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RQ - Coral Spawning Reef Trip

Rate Option Adults Children Infants Families Extras
RQ - Coral Spawning Trip - Snorkel $180.00 $130.00 N/A N/A $20.00
RQ - Coral Spawning Trip - 2 Certified Dives $250.00 N/A N/A N/A $20.00

$20pp EMC levy to pay on day of travel.

Rates valid for November 2019.  No refund if coral spawning is not witnessed.

Prices are shown in Australian dollars and include GST. Prices subject to change without notice.

2019 Departure: On the 15th and 16th November 

This boat is operationg an exciting night trip to the Great Barrier Reef in hope to see the unique annual Coral Spawning phenomenon.  Expert advice predicts that this is a likely time for Coral Spawning to occur (but not gauranteed).  Check in time is 5.00pm with a 1.00am return time.  Spaces are limited to 55 divers only.


Reef Quest

Check in:

5.00pm - Onboard Reef Quest - C Finger, Marlin Marina (Cairns Departure)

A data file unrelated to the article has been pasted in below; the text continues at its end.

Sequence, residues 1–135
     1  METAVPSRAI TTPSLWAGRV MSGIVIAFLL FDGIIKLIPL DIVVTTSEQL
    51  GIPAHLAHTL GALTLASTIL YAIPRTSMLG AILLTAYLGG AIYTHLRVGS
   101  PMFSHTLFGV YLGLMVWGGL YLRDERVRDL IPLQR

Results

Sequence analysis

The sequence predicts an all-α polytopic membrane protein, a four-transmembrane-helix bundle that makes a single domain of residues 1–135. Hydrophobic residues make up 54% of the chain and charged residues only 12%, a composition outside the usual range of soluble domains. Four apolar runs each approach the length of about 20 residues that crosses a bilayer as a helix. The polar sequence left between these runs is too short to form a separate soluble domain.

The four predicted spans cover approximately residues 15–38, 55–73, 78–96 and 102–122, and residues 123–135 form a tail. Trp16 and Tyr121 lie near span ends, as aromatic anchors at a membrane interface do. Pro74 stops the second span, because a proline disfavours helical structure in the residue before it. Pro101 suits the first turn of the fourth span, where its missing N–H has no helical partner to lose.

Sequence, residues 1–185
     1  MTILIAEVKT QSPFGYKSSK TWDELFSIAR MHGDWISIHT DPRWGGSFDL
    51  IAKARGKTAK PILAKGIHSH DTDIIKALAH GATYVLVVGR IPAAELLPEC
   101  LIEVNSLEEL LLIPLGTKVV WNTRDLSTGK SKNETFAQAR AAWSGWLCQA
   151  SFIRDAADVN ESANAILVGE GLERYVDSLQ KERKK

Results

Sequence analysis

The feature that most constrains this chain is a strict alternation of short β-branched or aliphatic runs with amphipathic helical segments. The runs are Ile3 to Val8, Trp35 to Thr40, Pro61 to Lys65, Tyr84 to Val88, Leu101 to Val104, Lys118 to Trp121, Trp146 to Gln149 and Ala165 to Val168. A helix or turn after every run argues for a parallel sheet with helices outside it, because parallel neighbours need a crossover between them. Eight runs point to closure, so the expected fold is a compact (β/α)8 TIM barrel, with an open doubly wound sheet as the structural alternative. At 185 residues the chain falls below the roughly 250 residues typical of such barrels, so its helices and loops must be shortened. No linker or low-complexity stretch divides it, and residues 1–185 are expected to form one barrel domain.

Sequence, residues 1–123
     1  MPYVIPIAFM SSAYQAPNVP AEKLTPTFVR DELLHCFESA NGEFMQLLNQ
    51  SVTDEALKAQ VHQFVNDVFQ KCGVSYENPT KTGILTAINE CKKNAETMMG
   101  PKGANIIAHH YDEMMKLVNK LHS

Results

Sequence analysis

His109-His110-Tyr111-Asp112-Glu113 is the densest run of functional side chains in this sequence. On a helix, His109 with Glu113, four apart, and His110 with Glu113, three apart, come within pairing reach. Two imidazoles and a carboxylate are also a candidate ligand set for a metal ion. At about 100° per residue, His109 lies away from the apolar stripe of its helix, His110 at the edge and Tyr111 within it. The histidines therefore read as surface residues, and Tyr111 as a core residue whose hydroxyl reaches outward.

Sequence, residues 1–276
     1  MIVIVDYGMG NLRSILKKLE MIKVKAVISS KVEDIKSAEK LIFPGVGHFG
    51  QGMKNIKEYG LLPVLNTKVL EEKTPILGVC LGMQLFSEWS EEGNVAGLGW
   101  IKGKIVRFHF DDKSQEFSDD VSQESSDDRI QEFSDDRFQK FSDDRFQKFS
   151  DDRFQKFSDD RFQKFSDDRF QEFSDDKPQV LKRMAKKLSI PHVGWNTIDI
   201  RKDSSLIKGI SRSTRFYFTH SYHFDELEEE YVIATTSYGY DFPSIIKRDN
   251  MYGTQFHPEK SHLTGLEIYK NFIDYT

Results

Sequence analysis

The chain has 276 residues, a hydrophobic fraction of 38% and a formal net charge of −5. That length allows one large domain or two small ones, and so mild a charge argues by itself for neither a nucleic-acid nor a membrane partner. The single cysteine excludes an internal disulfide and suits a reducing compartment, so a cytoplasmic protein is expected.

Returns: approx 1.00am


  • tea/coffe/hot chocolate
  • snorkel and dive gear (option of 2 certified dives)
  • stinger suits and wetsuits
  • fresh chilled water
  • Buffet dinner

** Certified Divers - Guides are available onboard for an extra $15 per peron per dive on Reef Quest 


More Information about Coral Spawning

The researchers had witnessed coral spawning, an annual event, which occurs in all coral reefs around the world. Today we know that many corals living on the Great Barrier Reef spawn about four to five days after the full moon in October or November and sometimes in December. 
Why do corals spawn after a full moon, and why do the east and west coast corals spawn at such different times of the year, despite the fact that these reefs have many species in common? 
There are three triggers that set off spawning in corals, according to coral reef expert Associate Professor Peter Harrison from Southern Cross University.

  • Firstly there must be a gradual rise in sea temperature, triggering the eggs and sperm to mature inside the adult coral.
  • Second, the lunar cycle coordinates the exact moment at which the corals release their precious cargo into the water.
  • The third stimulus is related to the diurnal cycle - coral need the darkness of night to do the wild thing!

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